Adapting to the Glorious–and Sometimes Difficult–Italian Culture
I have been studying Italian for the past eight years. In every class I have taken, there has always been an enormous emphasis on the culture and history of Italy. Prior to moving here for the semester, I thought I understood the Italian lifestyle, but I was definitely wrong! There is so much about the culture that I am just now learning.
At any moment at least one of my senses is stimulated. The food consists of flavors I honestly never knew existed. The air smells either clean (even in the airport!) or of fresh bread and wine. While walking down narrow, cobblestone streets overflowing with people, I can hear a constant stream of Italian words. They flow together effortlessly and create a melody of their own. Even when I am home and no one is speaking, I can hear the sounds of the television, where everything is dubbed over into Italian. Often I forget that I am in a foreign country. Then, I look out across the walls of the city to find hills, infinitely rolling, under a clear blue sky. The people, the food, the language, the sites–they are all, to put it simply, bellisimi!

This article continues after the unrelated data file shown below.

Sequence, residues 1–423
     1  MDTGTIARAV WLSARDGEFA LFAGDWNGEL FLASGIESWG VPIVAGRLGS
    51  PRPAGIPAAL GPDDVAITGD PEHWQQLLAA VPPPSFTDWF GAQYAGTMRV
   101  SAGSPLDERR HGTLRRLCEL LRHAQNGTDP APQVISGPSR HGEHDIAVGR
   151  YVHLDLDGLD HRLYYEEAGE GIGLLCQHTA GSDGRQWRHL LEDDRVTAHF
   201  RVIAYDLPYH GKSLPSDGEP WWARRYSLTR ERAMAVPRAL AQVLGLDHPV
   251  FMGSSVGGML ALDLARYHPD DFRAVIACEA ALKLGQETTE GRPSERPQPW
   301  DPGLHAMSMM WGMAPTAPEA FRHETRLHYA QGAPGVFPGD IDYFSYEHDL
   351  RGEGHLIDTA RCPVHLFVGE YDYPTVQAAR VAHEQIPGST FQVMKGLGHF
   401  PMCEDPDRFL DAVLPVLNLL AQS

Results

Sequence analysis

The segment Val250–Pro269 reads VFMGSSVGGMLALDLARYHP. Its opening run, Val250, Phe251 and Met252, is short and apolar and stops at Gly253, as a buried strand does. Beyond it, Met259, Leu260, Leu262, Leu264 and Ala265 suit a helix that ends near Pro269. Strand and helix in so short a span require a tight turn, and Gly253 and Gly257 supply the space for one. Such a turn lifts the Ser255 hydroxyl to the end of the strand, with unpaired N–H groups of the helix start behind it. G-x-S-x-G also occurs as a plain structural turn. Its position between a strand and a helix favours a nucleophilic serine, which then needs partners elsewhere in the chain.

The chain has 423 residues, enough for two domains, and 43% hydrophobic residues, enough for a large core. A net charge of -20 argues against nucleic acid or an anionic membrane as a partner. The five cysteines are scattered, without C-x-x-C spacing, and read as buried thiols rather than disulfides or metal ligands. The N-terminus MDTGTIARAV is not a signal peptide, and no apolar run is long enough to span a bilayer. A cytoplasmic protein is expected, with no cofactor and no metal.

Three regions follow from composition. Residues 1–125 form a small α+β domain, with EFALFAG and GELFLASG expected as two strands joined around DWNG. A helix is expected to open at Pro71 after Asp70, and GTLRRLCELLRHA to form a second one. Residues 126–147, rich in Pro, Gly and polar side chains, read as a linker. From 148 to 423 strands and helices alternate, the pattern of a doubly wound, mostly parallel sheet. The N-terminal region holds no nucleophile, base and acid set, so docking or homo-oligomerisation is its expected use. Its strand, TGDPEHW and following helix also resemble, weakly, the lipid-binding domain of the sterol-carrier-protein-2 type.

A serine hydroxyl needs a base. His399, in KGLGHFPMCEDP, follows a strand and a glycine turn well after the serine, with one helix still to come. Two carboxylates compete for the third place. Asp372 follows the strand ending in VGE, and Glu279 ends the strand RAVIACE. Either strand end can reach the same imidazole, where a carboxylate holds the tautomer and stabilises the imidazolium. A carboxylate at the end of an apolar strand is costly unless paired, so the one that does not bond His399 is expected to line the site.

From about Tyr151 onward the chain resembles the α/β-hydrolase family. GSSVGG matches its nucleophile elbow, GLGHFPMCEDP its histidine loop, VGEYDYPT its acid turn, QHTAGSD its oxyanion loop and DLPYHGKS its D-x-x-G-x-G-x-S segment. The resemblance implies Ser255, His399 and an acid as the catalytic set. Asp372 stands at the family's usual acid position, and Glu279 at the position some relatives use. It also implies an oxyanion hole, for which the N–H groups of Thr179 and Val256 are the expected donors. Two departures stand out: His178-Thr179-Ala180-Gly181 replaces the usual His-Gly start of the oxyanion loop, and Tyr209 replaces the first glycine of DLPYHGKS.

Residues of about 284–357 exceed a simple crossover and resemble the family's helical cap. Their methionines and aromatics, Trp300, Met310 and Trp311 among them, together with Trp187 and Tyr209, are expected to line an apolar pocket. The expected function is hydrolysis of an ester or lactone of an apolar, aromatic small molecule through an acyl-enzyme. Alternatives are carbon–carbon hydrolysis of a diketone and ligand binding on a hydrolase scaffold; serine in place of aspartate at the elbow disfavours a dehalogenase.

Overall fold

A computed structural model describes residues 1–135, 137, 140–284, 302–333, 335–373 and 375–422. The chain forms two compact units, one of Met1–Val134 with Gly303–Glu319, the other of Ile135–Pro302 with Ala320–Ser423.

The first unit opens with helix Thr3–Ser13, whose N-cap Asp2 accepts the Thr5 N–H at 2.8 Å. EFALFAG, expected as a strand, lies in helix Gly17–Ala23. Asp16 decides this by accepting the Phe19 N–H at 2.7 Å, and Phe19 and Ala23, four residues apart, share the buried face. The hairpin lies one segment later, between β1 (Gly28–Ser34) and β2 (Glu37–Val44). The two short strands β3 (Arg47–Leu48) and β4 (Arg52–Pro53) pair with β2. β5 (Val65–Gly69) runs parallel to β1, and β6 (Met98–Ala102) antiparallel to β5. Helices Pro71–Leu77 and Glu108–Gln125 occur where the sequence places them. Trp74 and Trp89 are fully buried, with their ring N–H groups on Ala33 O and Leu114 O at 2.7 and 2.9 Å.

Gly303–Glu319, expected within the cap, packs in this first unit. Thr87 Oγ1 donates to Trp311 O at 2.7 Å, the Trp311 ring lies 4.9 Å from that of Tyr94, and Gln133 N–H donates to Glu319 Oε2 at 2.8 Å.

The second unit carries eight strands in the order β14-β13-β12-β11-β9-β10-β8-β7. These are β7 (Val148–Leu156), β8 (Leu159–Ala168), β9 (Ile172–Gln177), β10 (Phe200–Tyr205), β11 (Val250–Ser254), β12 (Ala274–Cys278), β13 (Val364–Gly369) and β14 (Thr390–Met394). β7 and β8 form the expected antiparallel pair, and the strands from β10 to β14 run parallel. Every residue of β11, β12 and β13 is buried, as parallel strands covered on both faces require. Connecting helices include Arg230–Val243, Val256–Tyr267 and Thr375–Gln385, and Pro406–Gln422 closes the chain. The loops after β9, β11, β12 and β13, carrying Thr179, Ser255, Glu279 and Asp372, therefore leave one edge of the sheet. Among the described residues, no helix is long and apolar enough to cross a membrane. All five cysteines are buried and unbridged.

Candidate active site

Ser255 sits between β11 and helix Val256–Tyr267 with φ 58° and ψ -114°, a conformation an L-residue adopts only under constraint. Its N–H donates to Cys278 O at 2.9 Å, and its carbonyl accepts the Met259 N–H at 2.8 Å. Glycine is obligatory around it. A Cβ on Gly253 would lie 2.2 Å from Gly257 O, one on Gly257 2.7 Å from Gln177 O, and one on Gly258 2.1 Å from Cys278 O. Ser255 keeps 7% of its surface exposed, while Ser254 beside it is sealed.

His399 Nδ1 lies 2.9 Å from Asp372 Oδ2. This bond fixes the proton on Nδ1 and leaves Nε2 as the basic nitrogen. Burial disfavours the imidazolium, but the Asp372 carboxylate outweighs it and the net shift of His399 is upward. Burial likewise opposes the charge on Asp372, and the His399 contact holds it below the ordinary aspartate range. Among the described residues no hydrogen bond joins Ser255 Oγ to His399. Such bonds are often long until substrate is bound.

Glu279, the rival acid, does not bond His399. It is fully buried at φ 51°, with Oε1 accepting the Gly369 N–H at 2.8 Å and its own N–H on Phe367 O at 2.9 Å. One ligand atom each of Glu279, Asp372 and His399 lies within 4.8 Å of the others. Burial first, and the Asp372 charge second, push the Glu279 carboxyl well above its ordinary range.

I will be studying at the Siena Institute of Art for four months. The school has placed each of its students with a homestay family. Here we are fed breakfast and dinner and are given a place to live, shower, and practice our Italian.
Adapting to the Glorious–and Sometimes Difficult–Italian Culture.
I live right in the center of the city with an 83-year-old woman, Louisa, and her cat, Gugu. Louisa speaks no English and has no WiFi. As is the case for other Italians in the city, heat, water, and electricity (with the exception of the television) are very expensive, and I am expected to use them conservatively. While at home, I am also expected to wear slippers around the house, to finish my plate during each course of a meal, and to never leave the house with wet hair.
These rules have little to do with scientific facts, but rather with myths regarding getting sick or letting spirits into the house. They are simply ingrained into the Italian culture. This immersion has been difficult, I must admit, but I already feel myself adapting quickly and learning to love the Italian ways.
Photo for Adapting to the Glorious–and Sometimes Difficult–Italian Culture by Ellen King.